Array or Vector of References?

I was working on a practice problem. In short, I want to be able to have an array or vector of &str preallocated and later place each &str to a cell in the array or vector. I ended up doing this. But without going into the links, here is the gist of what I want to do:

  1. Have an array or vector of &T and each cell is initialized into a dummy &T, for example, &"".
  2. I can do array[index] = x (x's type is &T). Or it's vector version: vec[index] = y (y's type is &T).

I was able to achieve this with vector (although really ugly) but not with array.

let y = &"some str";
let mut place: Vec<&str> = Vec::new();
place.push(&"");
place.push(&"");
place[0] = y;

This need seems to be pretty unidiomatic, is there an idiomatic way of doing this for array and vector?

Do you mean this?

fn main() {
    let y = "some str";
    let mut place: Vec<&str> = vec![""; 2];
    place[0] = y;
    
    println!("{:?}", place);
}
["some str", ""]

Note that "some str" is already of type &str, so adding an extra ampersand makes it into an &&str. The extra reference is then auto-removed by the compiler again.

2 Likes

Consider using an array or vector of Option<&T> and using None as your sentinel value. Due to niche optimizations, it'll use the same amount of space, and there's no problem if something wants to use the empty string as a real value.

2 Likes

The idiomatic version for an array of &str is just a slight variation on @alice's suggestion.

    let y = "some str";
    let mut place = [""; 2];
    place[0] = y;

This won't work for a fully generic &T instead of &str without some sort of default value, which is where @2e71828's suggestion comes in (on top of being able to distinguish unassigned values from the default value). Moreover, if the default value isn't const, you'll have to store those values somewhere in order to refer to them anyway.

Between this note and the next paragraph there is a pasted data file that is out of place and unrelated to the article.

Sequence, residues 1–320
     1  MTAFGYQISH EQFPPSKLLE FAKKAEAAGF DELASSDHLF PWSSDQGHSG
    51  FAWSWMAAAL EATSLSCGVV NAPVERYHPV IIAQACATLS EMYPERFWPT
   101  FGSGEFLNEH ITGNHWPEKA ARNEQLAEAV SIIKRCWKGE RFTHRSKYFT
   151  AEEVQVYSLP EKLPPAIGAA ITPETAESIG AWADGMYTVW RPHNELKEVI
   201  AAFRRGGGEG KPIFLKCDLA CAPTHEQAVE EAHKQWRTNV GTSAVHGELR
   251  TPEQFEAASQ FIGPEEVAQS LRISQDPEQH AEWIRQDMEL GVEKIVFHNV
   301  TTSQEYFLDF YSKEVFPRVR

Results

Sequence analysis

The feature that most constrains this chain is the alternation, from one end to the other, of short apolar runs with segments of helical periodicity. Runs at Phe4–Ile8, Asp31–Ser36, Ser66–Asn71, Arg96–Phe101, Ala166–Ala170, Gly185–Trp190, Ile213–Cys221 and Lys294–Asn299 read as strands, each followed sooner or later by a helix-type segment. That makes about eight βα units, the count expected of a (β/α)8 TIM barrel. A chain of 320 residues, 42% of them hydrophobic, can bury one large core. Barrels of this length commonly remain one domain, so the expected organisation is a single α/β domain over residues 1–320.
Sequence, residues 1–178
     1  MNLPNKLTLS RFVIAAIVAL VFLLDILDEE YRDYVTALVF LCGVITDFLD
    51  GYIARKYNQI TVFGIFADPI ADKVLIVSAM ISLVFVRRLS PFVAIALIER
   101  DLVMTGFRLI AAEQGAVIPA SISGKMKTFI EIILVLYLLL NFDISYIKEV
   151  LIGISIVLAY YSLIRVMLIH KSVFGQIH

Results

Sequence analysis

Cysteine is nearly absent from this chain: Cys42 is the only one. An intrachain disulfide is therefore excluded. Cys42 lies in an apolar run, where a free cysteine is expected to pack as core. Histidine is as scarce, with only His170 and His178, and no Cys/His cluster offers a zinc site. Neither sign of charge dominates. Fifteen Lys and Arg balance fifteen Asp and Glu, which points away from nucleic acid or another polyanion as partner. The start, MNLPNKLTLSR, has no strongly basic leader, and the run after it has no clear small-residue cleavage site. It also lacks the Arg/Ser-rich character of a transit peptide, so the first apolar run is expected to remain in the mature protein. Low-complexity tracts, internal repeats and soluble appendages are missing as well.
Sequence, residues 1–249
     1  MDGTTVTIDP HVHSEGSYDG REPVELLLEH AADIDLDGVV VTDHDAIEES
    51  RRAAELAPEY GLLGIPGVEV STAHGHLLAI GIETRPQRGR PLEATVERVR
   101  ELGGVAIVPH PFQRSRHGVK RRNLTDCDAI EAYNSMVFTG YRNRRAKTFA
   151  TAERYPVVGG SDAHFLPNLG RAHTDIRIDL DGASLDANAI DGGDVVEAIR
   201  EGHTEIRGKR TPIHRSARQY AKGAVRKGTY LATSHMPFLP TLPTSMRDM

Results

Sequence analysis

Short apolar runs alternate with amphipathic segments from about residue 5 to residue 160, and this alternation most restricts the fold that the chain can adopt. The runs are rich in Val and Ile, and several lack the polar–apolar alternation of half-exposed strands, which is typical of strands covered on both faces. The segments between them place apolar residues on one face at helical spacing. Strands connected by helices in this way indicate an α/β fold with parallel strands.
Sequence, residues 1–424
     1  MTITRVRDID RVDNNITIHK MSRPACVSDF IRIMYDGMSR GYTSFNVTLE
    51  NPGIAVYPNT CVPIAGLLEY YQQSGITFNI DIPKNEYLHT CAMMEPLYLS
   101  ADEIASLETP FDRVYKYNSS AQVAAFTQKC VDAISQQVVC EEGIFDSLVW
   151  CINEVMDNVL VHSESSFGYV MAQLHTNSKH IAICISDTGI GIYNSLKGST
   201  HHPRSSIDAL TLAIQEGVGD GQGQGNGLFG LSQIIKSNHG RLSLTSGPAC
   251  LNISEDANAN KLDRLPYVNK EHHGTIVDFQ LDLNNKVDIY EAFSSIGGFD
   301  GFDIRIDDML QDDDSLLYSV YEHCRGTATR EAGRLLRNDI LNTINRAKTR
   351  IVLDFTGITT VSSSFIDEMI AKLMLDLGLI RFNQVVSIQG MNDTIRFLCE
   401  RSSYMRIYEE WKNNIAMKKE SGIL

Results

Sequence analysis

On the confusion between str, &str, and &&str: A str is a collection of UTF8 bytes with no static size. In trait terms, it does not implement Sized. For this reason, it generally has to reside behind a (wide) pointer of some sort -- like &str. &str is a pointer to the bytes and a count of the number of bytes.

As Alice said, a literal string like "" is a &str already; it can be promoted, so you can always consider it a &'static str.

If you go the generic T route, you will probably need to add a bound like where T: ?Sized if you want to handle &str. The reason is that most places in Rust have an implicit Sized bound, so that when you take or return generic things by value, you don't have to add the Sized bound yourself. And, as mentioned, str doesn't implement Sized. The ?Sized bound removes the implicit Sized bound.

5 Likes

Thank you for the help and explanation on &str. I misread the array/vector documentation - I incorrectly assume you need to put the type to initialize it, like:
Wrong: let mut place = [&str, 2] but it really should be let mut place = ["", 2]. I made the same mistake for the vector case, so I ended up with the ugly way of initializing the vector.

I think both @alice and yours should be the solution as one talks about the issue with vector, the other focuses on array. But it seems I can only set one so I will set yours as it has a pointer to alice's answer.

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